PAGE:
as that boy-man stood serving my rat-a-tat pleases and thank-yous, passing me vials of root-booster, taking hold of the trowel when i tossed it his way, he whooped it up big time, mimicking my heightened state of emergency. with the flip of some invisible switch, he’d slipped into a riff in which i was some sort of garden-y addict (all dolled-up in pink shoes and pruners), and osmocote was my hallucinogen of choice.

wasn’t long till we both nearly buckled (or at least i did; he’s pretty good at not breaking face), our knees shaking from laughter, me seeing certain and clear my pure, utter foolishness.

it’s a beautiful thing, the gift of a child who sees through to every last one of your foibles, and loves you anyway. makes you see your quirks and eccentricities as part of the formula that makes you the wall-banger you happen to be.

God love the all-purpose balm that is laughter. God love those with the gift of shoveling it deeply into each and every day.

once the hysteria cleared, though, and my babies were settled in their beds, the rich loamy covers pulled up over their roots, i couldn’t help but notice that i do, in fact, think of my garden as a blanket of bliss that covers my slice of the globe.

i have, in fact, come to tend to each sweet growing thing as if her life depends, to some feeble degree, on my care and attention. and when, for instance, a once-dying fern is up and moved and springs back to life, i can’t help but breathe deep the satisfaction of life finding a way to keep at it anyway.

i don’t mean, really, to abandon my hungry children. it’s just that i’ve come to think of all the trying-to-live things in my life as part of my big moppy crew. and every last one, i hold quite close to my heart.

somehow i doubt i’m the only one with quirks here at the table (and believe me, the ones up above are merely the start of it). do you have one or maybe even two? are there folks in your world who’ve taught you that those silly things you do, you insist on, are really a part of the whole equation, and, like the soft spots in an apple (where the bees bumped into the wee baby fruit) just add to the overall sweetness?

worm rescue

the rains pelted hard all morning. ruined any notion of lobbing balls out back, or sliding into home. canoeing, maybe, from home to first, but no knees-first, belly-flopper onto base. not without a periscope and flippers.

when it slowed, at last, came more like the dribble from a cranky faucet that won’t quite shut off, the two of us–one of whom had been pouting at the soggy windowsill–decided it was the perfect interlude for the age-old constitutional: the walk, just after rain.

in fact, i told the little one, as we slid our arms into the yellow rubber sleeves of our water-fighting armor, as the little one insisted he make the duck umbrella burp and stretch out her wiry ribs, this was a made-to-order meteorological moment for a pair of sidewalk crusaders.

it’s nouns like that, i tell you, that perk up a little boy’s ears. he looked right at me with that umbrella already doubling as a sword. crusaders, i could hear his little brain gears crunching in dismay, what does she know about crusades?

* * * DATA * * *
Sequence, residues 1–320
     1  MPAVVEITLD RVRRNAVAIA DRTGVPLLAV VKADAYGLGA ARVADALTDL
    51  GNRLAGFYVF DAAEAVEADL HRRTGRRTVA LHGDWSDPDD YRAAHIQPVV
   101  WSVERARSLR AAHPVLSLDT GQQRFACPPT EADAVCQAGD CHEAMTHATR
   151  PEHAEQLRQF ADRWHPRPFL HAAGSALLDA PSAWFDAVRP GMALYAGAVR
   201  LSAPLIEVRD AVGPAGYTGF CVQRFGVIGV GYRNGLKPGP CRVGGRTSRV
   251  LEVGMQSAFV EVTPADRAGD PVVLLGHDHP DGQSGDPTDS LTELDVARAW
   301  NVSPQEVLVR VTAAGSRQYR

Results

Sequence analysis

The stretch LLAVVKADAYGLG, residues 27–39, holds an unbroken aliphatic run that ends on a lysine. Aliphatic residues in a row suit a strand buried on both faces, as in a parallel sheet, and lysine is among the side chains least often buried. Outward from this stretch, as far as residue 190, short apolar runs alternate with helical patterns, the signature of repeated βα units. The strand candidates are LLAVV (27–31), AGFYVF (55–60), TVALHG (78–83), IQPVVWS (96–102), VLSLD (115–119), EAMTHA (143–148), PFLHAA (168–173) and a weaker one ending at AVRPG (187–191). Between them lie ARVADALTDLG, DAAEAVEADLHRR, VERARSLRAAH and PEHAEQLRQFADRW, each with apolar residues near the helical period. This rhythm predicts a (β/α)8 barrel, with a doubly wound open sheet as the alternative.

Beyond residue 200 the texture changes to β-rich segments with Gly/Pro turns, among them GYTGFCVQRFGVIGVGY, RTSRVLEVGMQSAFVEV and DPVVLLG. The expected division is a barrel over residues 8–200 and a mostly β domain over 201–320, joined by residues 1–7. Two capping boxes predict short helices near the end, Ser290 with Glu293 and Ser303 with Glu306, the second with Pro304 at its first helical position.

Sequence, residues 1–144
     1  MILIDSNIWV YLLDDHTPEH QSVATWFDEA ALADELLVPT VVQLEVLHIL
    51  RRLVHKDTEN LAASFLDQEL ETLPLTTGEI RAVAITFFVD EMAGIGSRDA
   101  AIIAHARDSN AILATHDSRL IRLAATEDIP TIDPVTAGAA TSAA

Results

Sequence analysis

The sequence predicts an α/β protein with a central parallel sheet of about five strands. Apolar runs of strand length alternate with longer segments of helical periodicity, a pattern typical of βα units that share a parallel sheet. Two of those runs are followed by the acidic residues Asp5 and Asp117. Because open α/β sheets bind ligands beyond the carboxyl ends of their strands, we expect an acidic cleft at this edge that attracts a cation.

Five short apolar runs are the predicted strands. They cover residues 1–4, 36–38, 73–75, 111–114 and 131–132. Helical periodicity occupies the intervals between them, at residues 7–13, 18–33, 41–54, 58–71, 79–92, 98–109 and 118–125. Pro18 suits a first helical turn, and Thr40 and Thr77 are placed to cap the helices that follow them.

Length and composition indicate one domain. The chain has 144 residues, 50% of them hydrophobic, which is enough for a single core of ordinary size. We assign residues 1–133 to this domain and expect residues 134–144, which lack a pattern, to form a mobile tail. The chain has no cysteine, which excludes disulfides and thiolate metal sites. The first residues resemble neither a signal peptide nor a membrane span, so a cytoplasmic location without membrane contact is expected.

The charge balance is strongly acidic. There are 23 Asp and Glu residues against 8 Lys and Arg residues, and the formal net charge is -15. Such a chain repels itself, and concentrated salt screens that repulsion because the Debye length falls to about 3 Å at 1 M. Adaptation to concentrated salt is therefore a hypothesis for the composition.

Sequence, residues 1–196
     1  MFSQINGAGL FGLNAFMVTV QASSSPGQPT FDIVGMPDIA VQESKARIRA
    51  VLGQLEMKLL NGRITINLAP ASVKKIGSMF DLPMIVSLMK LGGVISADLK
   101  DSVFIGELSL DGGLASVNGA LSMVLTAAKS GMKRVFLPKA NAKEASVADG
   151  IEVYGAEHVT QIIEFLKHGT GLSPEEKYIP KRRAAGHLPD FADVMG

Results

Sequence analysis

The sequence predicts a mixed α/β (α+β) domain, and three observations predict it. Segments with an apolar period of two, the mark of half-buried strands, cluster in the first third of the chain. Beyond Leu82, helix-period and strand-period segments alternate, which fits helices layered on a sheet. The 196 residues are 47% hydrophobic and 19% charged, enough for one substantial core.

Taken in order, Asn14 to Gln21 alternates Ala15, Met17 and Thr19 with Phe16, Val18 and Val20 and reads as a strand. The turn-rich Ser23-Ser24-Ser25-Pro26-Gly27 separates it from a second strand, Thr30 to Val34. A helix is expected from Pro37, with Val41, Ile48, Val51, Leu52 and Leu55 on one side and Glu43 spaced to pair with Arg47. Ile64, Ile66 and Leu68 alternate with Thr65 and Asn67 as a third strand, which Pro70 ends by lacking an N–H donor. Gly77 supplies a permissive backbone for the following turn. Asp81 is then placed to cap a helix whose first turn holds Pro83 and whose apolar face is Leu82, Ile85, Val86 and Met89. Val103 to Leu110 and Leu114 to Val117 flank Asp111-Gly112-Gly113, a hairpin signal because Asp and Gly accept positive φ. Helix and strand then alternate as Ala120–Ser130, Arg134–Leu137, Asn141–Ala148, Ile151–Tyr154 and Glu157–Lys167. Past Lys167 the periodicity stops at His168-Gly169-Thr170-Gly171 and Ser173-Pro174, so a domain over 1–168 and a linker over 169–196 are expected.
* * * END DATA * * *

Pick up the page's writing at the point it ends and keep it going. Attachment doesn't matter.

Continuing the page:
“it’s worm rescue weather,” i told him, stepping out the door and over the rivulet running east along the stoop. “this is when the worms come out, thinking they’ll just grab a little gulp of rain. but then, sometimes, the rains dry up and the poor worms are stranded, right there on all the sidewalks.”

i leapt right in, waited not for him to play along. or even sign a waiver of intent.

“here wormy, wormy, wormy,” i called, scanning here and there for a waylaid invertebrate, a worm who’d lost his way, a worm, by golly, who’d had far too much to drink, and could not slither home. or just gave in to wormly je-ne-sais-quoi. ennui, perhaps. of the earthworm ilk. up and called it quits in the middle of a concrete wasteland.

the little one–too young to drop me by the hand and sprint, too old to merely play along–interrupted.

“hey, mom, i don’t think that’s gonna work,” he said. “i think that just works for a cat or a dog. but then you have to say their name, the cat’s name or the dog’s name. doggy, doggy doesn’t work. and wormy wormy doesn’t either.”


he had a point, but i had little option. no worms i knew had names. or not that i’d been told. so i kept my eyes to the task. scanned all the way to the corner. but didn’t see a worm. only a stick, that i thought–from far away–might have wiggled once or twice, but upon close inspection, didn’t.

it was then, faced with sidewalk north or east, that i asked: “which way has the most worm potential?”

to which he answered, proud with logic: “why would i know that? i’m not a worm.”

have you noticed that kids these days have surrendered their imaginations? ah, but then, he came through with plain old common sense, imagination’s reliable–if not inventive–relation.

“anyways, mom, can i tell you something?” he asked, not slowing for an answer. “there’s a robin. so, bingo, there must be worms somewhere.”

crouching down, the boy who claimed no insight into worm brainworks, began talking to a peachy-breasted bird: “robin, find a worm for us.”

on command, the bird bobbed down its head, and came up with squirmy object, as requested. the robin, though, failed to cough it up, instead feasting on its over-sodden insides.

it took three more blocks of worm patrol before, at last, we found a spineless wonder stranded on the walk.

it had inches to go before it made it back to dirt and grass where it stood a chance of escaping errant tricycles, or big flat soles that paid no mind to where they landed.